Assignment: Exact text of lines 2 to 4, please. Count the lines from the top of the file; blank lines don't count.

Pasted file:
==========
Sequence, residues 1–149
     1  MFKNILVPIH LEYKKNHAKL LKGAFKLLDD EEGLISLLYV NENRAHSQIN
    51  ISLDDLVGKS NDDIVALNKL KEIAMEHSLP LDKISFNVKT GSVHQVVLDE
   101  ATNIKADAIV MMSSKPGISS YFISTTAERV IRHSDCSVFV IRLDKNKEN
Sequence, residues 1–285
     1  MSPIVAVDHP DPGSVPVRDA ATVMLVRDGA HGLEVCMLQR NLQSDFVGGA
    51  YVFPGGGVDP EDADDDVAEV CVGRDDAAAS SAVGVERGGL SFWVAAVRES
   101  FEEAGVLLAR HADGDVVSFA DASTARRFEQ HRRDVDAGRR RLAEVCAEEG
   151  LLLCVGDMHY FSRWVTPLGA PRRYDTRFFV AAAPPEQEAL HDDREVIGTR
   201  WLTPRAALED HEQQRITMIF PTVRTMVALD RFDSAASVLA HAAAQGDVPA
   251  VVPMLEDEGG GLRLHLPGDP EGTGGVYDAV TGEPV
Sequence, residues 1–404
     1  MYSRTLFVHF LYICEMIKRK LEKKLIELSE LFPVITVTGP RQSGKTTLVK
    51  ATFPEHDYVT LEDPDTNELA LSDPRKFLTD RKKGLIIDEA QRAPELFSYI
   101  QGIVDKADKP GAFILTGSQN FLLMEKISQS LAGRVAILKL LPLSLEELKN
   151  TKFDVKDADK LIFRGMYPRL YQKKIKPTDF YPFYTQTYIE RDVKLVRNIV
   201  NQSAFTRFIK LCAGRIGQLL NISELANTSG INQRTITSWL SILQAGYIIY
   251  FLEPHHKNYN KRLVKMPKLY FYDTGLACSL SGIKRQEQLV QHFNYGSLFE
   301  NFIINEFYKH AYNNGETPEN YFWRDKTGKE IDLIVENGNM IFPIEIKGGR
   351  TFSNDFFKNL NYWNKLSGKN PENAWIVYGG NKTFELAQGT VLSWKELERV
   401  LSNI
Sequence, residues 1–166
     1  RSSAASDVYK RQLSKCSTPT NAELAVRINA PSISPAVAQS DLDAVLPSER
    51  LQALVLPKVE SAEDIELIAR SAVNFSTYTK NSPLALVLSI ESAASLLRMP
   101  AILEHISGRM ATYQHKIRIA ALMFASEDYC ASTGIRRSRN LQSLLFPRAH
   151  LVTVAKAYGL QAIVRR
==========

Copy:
     1  MFKNILVPIH LEYKKNHAKL LKGAFKLLDD EEGLISLLYV NENRAHSQIN
    51  ISLDDLVGKS NDDIVALNKL KEIAMEHSLP LDKISFNVKT GSVHQVVLDE
   101  ATNIKADAIV MMSSKPGISS YFISTTAERV IRHSDCSVFV IRLDKNKEN